My latest ethics column for The Bencher, the publication of the American Inns of Court, on the titular topic, is reprinted below courtesy of the publisher. I have been writing an ethics column for The Bencher for the last 25 years.
Before I provide an overview of the basic standards that apply to inform the decision about whether a judicial officer should recuse himself or herself, or otherwise be disqualified from presiding over a particular lawsuit, I want to share some practical wisdom I have learned from several judges with whom I am close to personally—but before whom I would never appear in a courtroom to argue a case.
When a reasonable person familiar with the relevant facts earnestly believes that an issue of a judge’s impartiality might reasonably be raised in a pending lawsuit, that person should explore an appropriate informal means of presenting that issue to the presiding jurist. That approach provides an informal opportunity to the judicial officer to make his or her own assessment of the issue in an appropriate manner that might make a formal motion unnecessary.
This topic is covered in books dedicated solely to judicial disqualification, as well as in heavily footnoted law review articles, but this short ethics column is only intended to cover the highlights. Over the past 25 years of publishing these ethics columns I have, in a few instances, touched on topics that are related to the standards that regulate the judicial branch. See, e.g., Francis G.X. Pileggi, “Fifth Circuit Orders Recusal of Trial Judge,” The Bencher (July/August 2011); Francis G.X. Pileggi, “Professionalism and Judges,” The Bencher (July/August 2015) (describing earlier behavior of attorney as indication of judicial demeanor as a later member of court); Francis G.X. Pileggi, “Resources for Judicial Ethics Research,” The Bencher (January/February 2022).
Applicable standards include Canon 2 of the Code of Conduct for United States Judges, which provides that a judge should avoid impropriety and the appearance of impropriety in all activities. Canon 2(A) states that “[a]n appearance of impropriety occurs when reasonable minds, with knowledge of all the relevant circumstances disclosed by a reasonable inquiry, would conclude that the judge’s honesty, integrity, impartiality, temperament, or fitness to serve as a judge is impaired.” (emphasis added).
The rubric to avoid even the appearance of impropriety applies to both professional and personal conduct. The federal statute that governs judicial conduct requires that: “Any justice, judge, or magistrate judge of the United States shall disqualify himself in any proceeding in which his impartiality might reasonably be questioned.” 18 U.S.C. § 455(a).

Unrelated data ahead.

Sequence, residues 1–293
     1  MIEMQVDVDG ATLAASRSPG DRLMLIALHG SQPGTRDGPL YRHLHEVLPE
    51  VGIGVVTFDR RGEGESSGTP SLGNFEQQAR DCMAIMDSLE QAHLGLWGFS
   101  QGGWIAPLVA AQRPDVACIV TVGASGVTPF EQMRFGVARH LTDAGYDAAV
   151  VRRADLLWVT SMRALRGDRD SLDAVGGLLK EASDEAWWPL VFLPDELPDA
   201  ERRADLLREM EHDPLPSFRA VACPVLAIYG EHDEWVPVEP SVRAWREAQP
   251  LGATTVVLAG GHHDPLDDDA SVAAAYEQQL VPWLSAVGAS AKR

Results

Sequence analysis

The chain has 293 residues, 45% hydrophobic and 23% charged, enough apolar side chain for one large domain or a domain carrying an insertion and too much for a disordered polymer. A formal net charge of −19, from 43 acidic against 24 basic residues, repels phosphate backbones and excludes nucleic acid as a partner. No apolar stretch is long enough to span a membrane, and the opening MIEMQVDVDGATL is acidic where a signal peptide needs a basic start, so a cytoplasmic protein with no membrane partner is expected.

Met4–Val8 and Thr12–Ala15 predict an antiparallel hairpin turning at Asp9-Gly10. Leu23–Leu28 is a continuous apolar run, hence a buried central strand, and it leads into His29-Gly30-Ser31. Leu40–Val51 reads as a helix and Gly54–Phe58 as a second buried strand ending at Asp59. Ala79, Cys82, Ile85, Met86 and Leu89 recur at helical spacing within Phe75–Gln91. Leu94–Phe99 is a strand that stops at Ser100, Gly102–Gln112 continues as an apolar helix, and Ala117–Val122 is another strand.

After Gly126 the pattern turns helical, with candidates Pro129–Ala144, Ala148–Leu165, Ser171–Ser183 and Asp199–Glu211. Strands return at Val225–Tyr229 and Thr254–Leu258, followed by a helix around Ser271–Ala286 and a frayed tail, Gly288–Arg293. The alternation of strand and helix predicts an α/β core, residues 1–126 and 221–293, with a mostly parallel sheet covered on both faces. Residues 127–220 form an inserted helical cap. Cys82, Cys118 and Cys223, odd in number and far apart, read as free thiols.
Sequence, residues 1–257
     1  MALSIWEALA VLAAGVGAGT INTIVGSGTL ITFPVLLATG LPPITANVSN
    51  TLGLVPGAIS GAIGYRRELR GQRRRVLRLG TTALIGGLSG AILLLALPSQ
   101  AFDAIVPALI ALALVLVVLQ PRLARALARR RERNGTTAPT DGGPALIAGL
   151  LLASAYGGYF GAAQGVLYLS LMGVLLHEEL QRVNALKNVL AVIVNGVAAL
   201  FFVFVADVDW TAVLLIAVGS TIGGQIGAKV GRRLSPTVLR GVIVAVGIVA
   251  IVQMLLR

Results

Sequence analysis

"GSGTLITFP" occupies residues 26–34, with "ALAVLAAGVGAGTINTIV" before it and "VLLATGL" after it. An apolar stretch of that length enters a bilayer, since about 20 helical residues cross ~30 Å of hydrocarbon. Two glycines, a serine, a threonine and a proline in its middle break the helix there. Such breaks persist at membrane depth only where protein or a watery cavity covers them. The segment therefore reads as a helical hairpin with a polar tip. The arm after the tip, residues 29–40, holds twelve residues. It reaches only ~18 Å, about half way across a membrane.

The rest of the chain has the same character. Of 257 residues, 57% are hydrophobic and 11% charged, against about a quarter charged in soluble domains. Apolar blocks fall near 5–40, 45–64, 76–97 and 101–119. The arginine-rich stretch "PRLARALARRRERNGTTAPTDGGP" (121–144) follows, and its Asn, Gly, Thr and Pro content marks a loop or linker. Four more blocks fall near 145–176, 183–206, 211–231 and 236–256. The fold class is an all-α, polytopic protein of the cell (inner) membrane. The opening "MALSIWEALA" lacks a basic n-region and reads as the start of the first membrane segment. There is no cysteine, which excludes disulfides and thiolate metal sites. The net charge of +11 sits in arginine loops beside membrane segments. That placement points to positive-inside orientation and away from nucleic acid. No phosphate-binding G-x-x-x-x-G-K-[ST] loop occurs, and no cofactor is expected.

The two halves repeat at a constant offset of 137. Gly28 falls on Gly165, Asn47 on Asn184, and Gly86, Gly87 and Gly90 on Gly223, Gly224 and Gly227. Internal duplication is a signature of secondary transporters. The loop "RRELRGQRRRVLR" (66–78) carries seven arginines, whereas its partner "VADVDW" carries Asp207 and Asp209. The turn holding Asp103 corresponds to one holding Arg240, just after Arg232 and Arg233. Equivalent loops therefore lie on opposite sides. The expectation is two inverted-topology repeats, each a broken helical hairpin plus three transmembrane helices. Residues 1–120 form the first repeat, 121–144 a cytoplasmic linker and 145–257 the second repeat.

“[T]he test for recusal under § 455(a) is whether a reasonable person, with knowledge of all the facts, would conclude that the judge’s impartiality might reasonably be questioned.” In re Kensington Int’l, Ltd., 368 F.3d 289, 296 (3rd Cir. 2004)(emphasis added). See generally 12 Moore’s Federal Practice-Civil § 63.35 (2022). (Although mere friendship, for example with counsel, ordinarily is insufficient to warrant recusal, unusual circumstances may require recusal.)
Section 144 of Title 18, unlike Section 455, refers specifically to the appearance of a lack of impartiality as it relates to parties—as compared to counsel. See generally Geyh, Alfini, & Sample, 1 Judicial Conduct and Ethics § 4.07, Matthew Bender & Co., 2020). The Comment to Rule 2.3 of the Delaware Judges’ Code of Judicial Conduct notes that manifestations of bias or prejudice can include epithets, slurs, references to personal characteristics, or threatening, intimidating, or hostile acts.
The public policy animating the disqualification rules is the need to inspire public confidence in the public perception that the due process requirement of a fair trial before a fair tribunal appears to be provided to all parties and their counsel in litigation. The emphasis is on how the circumstances appear to a reasonable person with knowledge of the relevant facts—not whether actual lack of impartiality can be proven. See, e.g., Richard E. Flamm, Judicial Disqualification: Recusal and Disqualification of Judges § 5.1, at 104 (3rd edition, Banks & Jordan, 2017).
Notwithstanding the applicable standards, appropriate efforts to informally seek the recusal of a judge, and if necessary, formal motions to disqualify, should only be pursued in those rare circumstances when one’s duty to the client, as well as broader duties, make it absolutely necessary. Even then, they should be brought reluctantly, only after thorough research, careful analysis, extensive soul-searching, confidential vetting with colleagues, and with conscientious consideration of all the aspects and ramifications of such an unpleasant process.
Francis G.X. Pileggi, Esquire, is the managing partner of the Delaware office of Lewis Brisbois Bisgaard & Smith LLP. He comments on legal ethics as well as corporate and commercial decisions on his blog. He is the author of American Legal Ethics: A Retrospective from 1997–2018 (Outskirts Press 2018).